Volume of urine output will be measured

  5. Urine volume [ Time Frame: 2 hours after intervention ]
    Volume of urine output will be measured

  6. Urine volume [ Time Frame: 3 hours after intervention ]
    Volume of urine output will be measured

  7. Urine volume [ Time Frame: 4 hours after intervention ]
    Volume of urine output will be measured

  8. Urine mass [ Time Frame: Immediately after completing intervention ]
    Urine output will be measured using a scale

  9. Urine mass [ Time Frame: 1 hour after intervention ]
    Urine output will be measured using a scale

  10. Urine mass [ Time Frame: 2 hours after intervention ]
    Urine output will be measured using a scale

  11. Urine mass [ Time Frame: 3 hours after intervention ]
    Urine output will be measured using a scale

  12. Urine mass [ Time Frame: 4 hours after intervention ]
    Urine output will be measured using a scale

  13. Blood Pressure [ Time Frame: at baseline ]
    Blood pressure will be measured.

  14. Blood Pressure [ Time Frame: 1 hour after intervention ]
    Blood pressure will be measured.

  15. Blood Pressure [ Time Frame: 2 hours after intervention ]
    Blood pressure will be measured.

  16. Blood Pressure [ Time Frame: 3 hours after intervention ]
    Blood pressure will be measured.

  17. Blood Pressure [ Time Frame: 4 hours after intervention ]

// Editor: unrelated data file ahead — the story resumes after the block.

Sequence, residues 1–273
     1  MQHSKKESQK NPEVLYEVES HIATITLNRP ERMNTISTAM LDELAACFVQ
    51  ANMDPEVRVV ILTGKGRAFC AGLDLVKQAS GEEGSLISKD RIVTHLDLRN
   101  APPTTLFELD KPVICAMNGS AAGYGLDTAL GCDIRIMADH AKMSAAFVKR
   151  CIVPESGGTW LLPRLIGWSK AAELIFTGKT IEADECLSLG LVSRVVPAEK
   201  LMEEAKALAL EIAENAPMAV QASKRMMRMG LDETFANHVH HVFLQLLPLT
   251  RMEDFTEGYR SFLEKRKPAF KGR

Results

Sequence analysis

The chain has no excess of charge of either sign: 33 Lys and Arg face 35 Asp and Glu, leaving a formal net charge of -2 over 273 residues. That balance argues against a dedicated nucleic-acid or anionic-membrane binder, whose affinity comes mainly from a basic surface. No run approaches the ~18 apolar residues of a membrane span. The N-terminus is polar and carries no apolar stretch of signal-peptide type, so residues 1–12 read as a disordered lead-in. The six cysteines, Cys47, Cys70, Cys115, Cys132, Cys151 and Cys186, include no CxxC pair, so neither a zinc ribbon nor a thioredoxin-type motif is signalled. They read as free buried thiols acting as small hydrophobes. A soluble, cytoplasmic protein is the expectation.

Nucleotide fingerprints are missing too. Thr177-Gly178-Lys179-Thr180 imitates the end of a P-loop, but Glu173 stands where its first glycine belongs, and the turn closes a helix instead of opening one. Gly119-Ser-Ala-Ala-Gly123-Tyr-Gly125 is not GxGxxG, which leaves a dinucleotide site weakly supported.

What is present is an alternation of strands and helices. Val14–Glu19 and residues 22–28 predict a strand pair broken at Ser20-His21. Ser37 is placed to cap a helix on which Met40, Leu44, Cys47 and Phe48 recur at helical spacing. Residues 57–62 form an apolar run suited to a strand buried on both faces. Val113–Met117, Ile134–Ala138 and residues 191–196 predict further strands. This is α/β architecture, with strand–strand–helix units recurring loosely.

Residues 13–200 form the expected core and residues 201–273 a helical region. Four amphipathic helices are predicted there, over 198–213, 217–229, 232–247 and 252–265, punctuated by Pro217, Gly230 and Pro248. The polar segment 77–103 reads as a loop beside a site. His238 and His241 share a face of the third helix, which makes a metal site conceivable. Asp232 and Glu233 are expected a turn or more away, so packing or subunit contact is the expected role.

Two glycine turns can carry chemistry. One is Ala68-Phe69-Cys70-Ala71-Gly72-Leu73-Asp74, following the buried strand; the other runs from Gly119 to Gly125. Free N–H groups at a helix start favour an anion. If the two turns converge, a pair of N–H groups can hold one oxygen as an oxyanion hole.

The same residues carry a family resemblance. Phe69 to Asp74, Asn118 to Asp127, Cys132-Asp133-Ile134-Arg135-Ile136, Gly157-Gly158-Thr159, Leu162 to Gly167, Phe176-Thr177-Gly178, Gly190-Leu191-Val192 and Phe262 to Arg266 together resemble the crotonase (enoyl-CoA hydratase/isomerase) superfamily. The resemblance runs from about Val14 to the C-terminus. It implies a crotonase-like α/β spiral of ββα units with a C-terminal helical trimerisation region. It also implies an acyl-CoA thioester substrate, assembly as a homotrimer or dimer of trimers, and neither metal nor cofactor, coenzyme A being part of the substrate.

Blood pressure will be measured.

  18. Heart Rate [ Time Frame: baseline ]
    Heart Rate will be measured

  19. Heart Rate [ Time Frame: 1 hour after intervention ]
    Heart Rate will be measured

  20. Heart Rate [ Time Frame: 2 hours after intervention ]
    Heart Rate will be measured

  21. Heart Rate [ Time Frame: 3 hours after intervention ]
    Heart Rate will be measured

  22. Heart Rate [ Time Frame: 4 hours after intervention ]
    Heart Rate will be measured



Information from the National Library of Medicine

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Ages Eligible for Study:   18 Years to 45 Years   (Adult)
Sexes Eligible for Study:   All
Accepts Healthy Volunteers:   Yes
Criteria

Inclusion Criteria:

  • BMI between 18.5 and 29.9 kg/m2 (not obese)
  • Consumes 2 liters of water daily
  • Exercised 3 hours/week over the past 6 months

Exclusion Criteria:

  • Obese
  • Pregnant or trying to become pregnant
  • Tobacco user
  • Cardiac Disease
  • Consumed alcohol within 48 hours of testing visit
  • Consumed caffeine within 48 hours of testing visit
  • Strenuous excercise 24 hours prior to testing visit

Information from the National Library of Medicine

To learn more about this study, you or your doctor may contact the study research staff using the contact information provided by the sponsor.

Please refer to this study by its ClinicalTrials.gov identifier (NCT number): NCT04422158


Locations
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United States, Tennessee
Center for Nutraceutical and Dietary Supplement Research
Memphis, Tennessee, United States, 38152
Sponsors and Collaborators
University of Memphis
Nuun & Company, Inc (Nuun)
Investigators
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Principal Investigator: Richard Bloomer, PhD University of Memphis
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Responsible Party: Richard Bloomer, Dean of School of Health Studies, University of Memphis
ClinicalTrials.gov Identifier: NCT04422158    
Other Study ID Numbers: PRO-FY2020-327
First Posted: June 9, 2020    Key Record Dates
Last Update Posted: April 28, 2021
Last Verified: April 2021
Individual Participant Data (IPD) Sharing Statement:
Plan to Share IPD: No

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Studies a U.S. FDA-regulated Drug Product: No
Studies a U.S. FDA-regulated Device Product: No
Keywords provided by Richard Bloomer, University of Memphis:
electrolyte